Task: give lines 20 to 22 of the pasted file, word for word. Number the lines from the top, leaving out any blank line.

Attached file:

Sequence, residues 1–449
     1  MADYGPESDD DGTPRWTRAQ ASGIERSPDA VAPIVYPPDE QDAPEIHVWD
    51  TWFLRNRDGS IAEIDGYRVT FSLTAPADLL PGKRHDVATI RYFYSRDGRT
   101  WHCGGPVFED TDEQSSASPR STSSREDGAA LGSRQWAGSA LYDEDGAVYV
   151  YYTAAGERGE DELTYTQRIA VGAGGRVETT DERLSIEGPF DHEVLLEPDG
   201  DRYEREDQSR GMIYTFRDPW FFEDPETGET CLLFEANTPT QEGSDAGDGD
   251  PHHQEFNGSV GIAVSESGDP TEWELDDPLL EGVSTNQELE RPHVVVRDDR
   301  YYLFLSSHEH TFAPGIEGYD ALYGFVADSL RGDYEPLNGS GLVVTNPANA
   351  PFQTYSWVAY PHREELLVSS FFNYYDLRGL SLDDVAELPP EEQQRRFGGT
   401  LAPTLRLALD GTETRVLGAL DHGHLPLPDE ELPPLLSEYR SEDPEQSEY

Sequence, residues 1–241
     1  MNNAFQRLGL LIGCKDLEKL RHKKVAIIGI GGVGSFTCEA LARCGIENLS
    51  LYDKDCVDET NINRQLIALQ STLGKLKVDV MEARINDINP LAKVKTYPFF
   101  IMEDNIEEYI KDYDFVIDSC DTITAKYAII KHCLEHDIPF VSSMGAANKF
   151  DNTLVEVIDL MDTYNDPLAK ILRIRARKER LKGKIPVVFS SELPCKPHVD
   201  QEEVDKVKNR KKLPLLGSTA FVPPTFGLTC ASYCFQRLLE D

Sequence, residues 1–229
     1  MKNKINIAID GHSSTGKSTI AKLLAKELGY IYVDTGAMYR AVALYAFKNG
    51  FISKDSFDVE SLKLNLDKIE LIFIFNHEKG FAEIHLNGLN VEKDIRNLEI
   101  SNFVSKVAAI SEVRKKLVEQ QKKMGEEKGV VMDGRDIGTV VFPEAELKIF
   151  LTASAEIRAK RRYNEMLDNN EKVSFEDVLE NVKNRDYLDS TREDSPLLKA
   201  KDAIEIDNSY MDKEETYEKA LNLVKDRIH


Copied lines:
   101  SNFVSKVAAI SEVRKKLVEQ QKKMGEEKGV VMDGRDIGTV VFPEAELKIF
   151  LTASAEIRAK RRYNEMLDNN EKVSFEDVLE NVKNRDYLDS TREDSPLLKA
   201  KDAIEIDNSY MDKEETYEKA LNLVKDRIH